Through Dec. 15: Revolutionary history on display
September 29, 2017
Exhibition highlights ‘John Dickinson: Penman of the Revolution’
On Dec. 21, 1767, an essay titled “Letter from a Farmer in Pennsylvania” by John Dickinson appeared in the Boston Chronicle. In the months to follow, 12 more letters in the series appeared in newspapers throughout the American colonies to unite the colonists against the Townshend Acts.
A University of Delaware Library exhibition, “John Dickinson: Penman of the Revolution,” marks the 250th anniversary of the first published essay in the series and celebrates Dickinson’s extraordinary life and career.
Dickinson, who earned the title “Penman of the Revolution” for writing on behalf of the American revolutionary cause, was a Founding Father of the United States. The exhibition will feature examples of his published work, original documents and letters, and biographical material.
Curated by Timothy Murray, head of the Special Collections Department at the University of Delaware Library, the exhibition is on display through Dec. 15 on the second floor of Morris Library.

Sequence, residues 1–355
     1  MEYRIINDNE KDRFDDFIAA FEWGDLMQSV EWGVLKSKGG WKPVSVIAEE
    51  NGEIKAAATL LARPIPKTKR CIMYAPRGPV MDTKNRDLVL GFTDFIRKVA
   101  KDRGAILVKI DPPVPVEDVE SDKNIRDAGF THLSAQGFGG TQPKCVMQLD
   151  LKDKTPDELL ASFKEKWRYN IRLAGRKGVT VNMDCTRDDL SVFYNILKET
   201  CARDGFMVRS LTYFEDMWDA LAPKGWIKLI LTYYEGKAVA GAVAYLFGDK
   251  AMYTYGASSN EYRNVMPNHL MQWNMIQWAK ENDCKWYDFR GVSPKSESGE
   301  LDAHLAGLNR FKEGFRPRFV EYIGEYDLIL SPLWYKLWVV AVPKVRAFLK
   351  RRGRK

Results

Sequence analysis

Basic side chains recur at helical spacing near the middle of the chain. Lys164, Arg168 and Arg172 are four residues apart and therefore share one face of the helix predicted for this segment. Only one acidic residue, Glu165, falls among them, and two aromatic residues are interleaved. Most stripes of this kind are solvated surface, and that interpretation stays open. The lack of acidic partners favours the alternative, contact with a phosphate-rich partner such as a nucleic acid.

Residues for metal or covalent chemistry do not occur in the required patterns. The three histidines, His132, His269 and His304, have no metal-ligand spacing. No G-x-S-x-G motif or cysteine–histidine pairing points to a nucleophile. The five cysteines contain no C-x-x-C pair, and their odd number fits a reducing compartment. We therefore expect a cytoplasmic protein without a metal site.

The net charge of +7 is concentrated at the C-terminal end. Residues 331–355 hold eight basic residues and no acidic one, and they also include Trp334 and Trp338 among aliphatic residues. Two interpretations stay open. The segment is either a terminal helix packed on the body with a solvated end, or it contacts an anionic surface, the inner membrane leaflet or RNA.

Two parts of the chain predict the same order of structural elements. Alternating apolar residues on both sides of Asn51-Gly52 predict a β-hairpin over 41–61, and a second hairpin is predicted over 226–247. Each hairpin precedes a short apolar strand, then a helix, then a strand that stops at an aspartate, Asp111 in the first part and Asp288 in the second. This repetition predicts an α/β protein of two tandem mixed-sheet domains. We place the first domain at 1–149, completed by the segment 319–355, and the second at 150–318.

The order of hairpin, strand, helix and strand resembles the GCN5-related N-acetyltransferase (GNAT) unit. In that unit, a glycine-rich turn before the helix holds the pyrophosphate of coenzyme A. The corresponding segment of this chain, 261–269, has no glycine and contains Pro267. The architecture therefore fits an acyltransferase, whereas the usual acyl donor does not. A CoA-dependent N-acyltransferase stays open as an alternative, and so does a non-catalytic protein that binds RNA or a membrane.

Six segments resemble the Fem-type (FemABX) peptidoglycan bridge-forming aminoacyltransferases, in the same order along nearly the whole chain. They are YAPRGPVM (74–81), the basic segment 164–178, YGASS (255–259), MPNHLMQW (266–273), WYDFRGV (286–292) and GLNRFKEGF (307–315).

A solicitor and politician, Dickinson (1732-1808) spent most of his career in Philadelphia, Pennsylvania, and Wilmington, Delaware. As a member of the First Continental Congress, he wrote the majority of the 1774 Petition to the King; and, as a member of the Second Continental Congress, he wrote the 1775 Olive Branch Petition — both of which were attempts to negotiate with King George III.
When these efforts failed, he reworked Thomas Jefferson's language and composed the final draft of the 1775 Declaration of the Causes and Necessity of Taking Up Arms. When Congress eventually decided to seek independence, Dickinson served on the committee that authored the Model Treaty, and subsequently wrote the first draft of the 1776–1777 Articles of Confederation and Perpetual Union.
An online version of the exhibition is available here.
Special Collections and Museums
Special Collections and Museums is part of the University of Delaware Library, Museums and Press. An interdisciplinary collection of rare and unique materials can be accessed for study and research, and is also featured in exhibitions in the Special Collections Gallery in Morris Library, Old College Gallery, Mechanical Hall Gallery and the Mineralogical Museum in Penny Hall. All Special Collections and Museums events and exhibitions are free and open to the public.